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road safety

It's getting harder to drive at night.

In recent years, a trend on the roads has frustrated many drivers: the increasing brightness of car headlights. While driving at night, drivers often forced to squint or are momentarily blinded by these ultra-bright lights, especially on high beams.

It’s annoying, and it’s also a safety hazard. But it doesn’t seem like anyone is doing anything about it.

New cars have brighter headlights because of the shift in manufacturing from halogen headlamps with a softer, orange color to blue-colored LED lights. “Imagine a car with two headlights: one halogen, one LED. They’d both meet the requirements. The light meter would say they’re the same, but the LED would look 40% brighter,” Mark Rea, professor at the Icahn School of Medicine at Mount Sinai in New York, said, according to The Hill.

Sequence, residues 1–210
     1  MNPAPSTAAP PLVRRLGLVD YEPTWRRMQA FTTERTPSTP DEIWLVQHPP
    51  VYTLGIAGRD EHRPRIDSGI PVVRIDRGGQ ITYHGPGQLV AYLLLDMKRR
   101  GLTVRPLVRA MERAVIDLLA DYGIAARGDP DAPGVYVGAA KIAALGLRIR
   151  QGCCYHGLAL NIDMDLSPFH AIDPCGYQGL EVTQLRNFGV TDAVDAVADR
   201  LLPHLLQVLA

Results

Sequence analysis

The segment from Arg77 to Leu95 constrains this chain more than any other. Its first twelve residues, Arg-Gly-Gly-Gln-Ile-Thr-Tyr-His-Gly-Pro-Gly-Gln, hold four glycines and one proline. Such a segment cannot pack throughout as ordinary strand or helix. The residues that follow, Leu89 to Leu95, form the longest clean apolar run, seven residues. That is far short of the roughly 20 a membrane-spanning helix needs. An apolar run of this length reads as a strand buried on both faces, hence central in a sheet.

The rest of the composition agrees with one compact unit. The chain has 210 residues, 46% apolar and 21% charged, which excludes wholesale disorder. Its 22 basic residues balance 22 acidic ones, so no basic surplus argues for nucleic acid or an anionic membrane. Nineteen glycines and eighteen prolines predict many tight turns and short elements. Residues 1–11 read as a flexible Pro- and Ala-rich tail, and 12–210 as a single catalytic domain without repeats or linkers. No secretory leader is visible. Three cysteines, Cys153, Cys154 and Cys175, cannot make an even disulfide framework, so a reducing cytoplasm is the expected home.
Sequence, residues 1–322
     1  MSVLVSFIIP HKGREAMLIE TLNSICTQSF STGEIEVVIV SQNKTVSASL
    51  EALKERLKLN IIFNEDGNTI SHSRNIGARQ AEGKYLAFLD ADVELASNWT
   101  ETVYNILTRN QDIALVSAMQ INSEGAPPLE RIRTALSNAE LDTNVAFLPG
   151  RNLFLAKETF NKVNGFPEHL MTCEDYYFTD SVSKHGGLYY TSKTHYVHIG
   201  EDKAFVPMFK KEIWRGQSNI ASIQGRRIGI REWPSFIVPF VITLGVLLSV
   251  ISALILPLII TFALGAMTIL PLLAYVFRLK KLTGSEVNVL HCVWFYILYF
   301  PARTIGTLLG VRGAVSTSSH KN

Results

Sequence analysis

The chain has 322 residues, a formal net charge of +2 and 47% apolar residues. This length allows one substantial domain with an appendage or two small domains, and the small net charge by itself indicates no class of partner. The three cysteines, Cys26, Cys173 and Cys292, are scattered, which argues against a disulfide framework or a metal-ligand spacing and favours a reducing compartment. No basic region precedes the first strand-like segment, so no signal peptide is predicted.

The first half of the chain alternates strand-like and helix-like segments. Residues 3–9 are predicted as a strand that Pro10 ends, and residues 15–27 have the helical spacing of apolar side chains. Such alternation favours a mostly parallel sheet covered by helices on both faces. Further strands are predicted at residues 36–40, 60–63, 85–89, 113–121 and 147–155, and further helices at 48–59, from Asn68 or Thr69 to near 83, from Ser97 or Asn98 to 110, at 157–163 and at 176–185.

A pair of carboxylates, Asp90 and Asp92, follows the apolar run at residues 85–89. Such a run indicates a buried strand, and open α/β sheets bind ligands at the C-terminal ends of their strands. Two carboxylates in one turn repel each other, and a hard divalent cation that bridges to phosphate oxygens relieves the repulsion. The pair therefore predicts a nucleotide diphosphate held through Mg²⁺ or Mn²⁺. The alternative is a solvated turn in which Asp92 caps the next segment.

What makes things worse is that many Americans drive trucks and SUVs with lights that are higher on the vehicle than a typical sedan. So drivers in the smaller cars often get intense beams of light shot directly at their eyes.

The problem is so bad that the Soft Lights Foundation calls for a ban on “blinding headlights.”

"I've got a small car. This truck is so much higher than me. Those headlights are going straight into my eye," Mark Baker, President of the Soft Lights Foundation, told ABC News. "How is that going to be safe? So there's a mismatch between small cars and super large cars that NHTSA should be having standards for."

In the video below, Vicky Nguyen from NBC News explains the problem with new headlights and the solution, adaptive headlight technology.

Blinding headlights are growing problem on US roads